University of Illinois Center for Autonomy

GEM with doors open and people standing around it

Update June 2020:

The Center for Autonomy at the University of Illinois at Urbana-Champaign has been busy putting an AutonomouStuff GEM Automated Research Development Platform enabled by the PACMod drive-by-wire system to good use: exploring autonomous vehicle safety in a variety of contexts.

Electrical and Computer Engineering Professor Sayan Mitra is publishing research derived from data generated with the GEM platform, as well as acquiring a half-million-dollar grant to further safety analysis for highway-speed autonomy and training the next generation of engineers with a course in safe autonomy.

Publication: Mitra’s paper “Online monitoring for safe pedestrian-vehicle interactions” — entirely based on work with the GEM platform — is slated to appear in the International Conference for IEEE Intelligent Transportation Systems Society (ITSC 2020). The work is already available for download.

GEM with doors open and people standing around it

Grant: Professors at The Grainger College of Engineering have created at least 10 proposals using the GEM platform as the basis for experimentation, and Prof. Mitra has already secured funding for the first round of investigation into predictive online safety analysis for high-speed autonomy. Learn more about how that project aims to lengthen an automated vehicle’s path planning and data sharing with other vehicles.

Safety course: Prof. Mitra also developed the GEM platform and simulator for a course in safe autonomy, with homework and programming assignments designed around the GEM. Check out the material he’s using to train the next generation of engineers working to solve autonomy challenges on the Principles of Safe Autonomy class page.

Original post Spring 2019:

Photo of GEM outside

As part of a partnership between the Center for Autonomy at the University of Illinois at Urbana-Champaign’s Grainger College of Engineering and AutonomouStuff, professors and students have long-term access to an automated Polaris GEM. Projects involving the AutonomouStuff Automated Research Development Platform began in the spring of 2019 with a focus on autonomous software. Additional projects and courses already are planned, and the GEM’s availability for other research initiatives on campus will expand.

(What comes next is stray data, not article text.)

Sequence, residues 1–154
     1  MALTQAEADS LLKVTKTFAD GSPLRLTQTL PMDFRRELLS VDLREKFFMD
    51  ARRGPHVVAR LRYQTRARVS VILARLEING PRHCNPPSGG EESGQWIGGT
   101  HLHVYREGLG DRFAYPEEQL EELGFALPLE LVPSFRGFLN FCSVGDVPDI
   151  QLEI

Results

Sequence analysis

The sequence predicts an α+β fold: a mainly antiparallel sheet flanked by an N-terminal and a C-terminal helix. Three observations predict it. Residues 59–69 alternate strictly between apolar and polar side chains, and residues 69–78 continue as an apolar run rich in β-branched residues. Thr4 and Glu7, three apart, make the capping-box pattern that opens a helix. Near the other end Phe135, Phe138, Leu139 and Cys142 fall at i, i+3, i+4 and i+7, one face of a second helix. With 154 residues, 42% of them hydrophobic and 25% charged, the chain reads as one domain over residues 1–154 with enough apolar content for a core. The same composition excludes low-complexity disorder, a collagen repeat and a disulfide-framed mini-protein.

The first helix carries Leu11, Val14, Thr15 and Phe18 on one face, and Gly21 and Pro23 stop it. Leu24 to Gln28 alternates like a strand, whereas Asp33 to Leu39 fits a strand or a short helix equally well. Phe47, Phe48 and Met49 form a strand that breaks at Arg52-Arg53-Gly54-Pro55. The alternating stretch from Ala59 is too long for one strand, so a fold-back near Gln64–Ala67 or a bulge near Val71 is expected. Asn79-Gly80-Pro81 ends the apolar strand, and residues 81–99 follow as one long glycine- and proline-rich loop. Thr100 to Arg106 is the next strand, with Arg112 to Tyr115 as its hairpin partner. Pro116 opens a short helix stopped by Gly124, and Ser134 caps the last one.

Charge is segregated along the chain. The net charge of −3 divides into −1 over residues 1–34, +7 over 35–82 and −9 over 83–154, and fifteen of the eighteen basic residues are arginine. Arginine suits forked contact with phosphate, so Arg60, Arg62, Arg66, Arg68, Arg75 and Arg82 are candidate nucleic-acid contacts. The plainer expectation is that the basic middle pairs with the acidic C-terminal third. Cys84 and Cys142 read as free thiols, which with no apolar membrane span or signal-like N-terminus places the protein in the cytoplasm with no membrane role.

Assistant Professor Katherine Driggs-Campbell of electrical and computer engineering is among the first researchers at the University to work with the GEM after its arrival in Spring 2019. The initial efforts concentrate on autonomous software development.

“This summer, we have a few master’s students and undergraduate students working on getting the autonomous stack up and running smoothly,” Driggs-Campbell said. “Our goal for the end of the summer is to get a nice demo of the GEM smoothly navigating campus scenarios, like following and overtaking a cyclist and effectively navigating crosswalks with pedestrians.”

Side view of GEM

Other professors currently using the vehicle in their research include: Professor Geir Dellerud of mechanical science and engineering; Professor Minh Do of electrical and computer engineering; Professor Sayan Mitra of electrical and computer engineering; and Professor David Forsyth of computer science.

Mitra will be using the car in his Safety and Autonomy course in spring 2020. The first months with the GEM will be spent learning about current software modules and developing additional applications for autonomous and intelligent path following in the campus setting, including path and object detection; path planning and control; and real-time predictive safety analysis.

“We are still in the very early stages of software development and exploration,” Mitra said. “Hopefully, by the end of the summer, the software we develop and the insights we gain will be beneficial for courses and forthcoming research projects.”

Do’s plans for the vehicle include the collection and synchronization of data with LiDAR, radar and vision to develop sensor fusion algorithms for automotive applications.

Forsyth plans to teach a class using GEM that will investigate problems including; vision based detection, multi-lane model detection, on road free-space detection, traffic light detection, camera based localization, traffic sign and speed limit recognition, surround view with object detection and classification, birds eye view 360 degrees around a vehicle, sensor fusion including camera objects, lidar objects and radar tracks.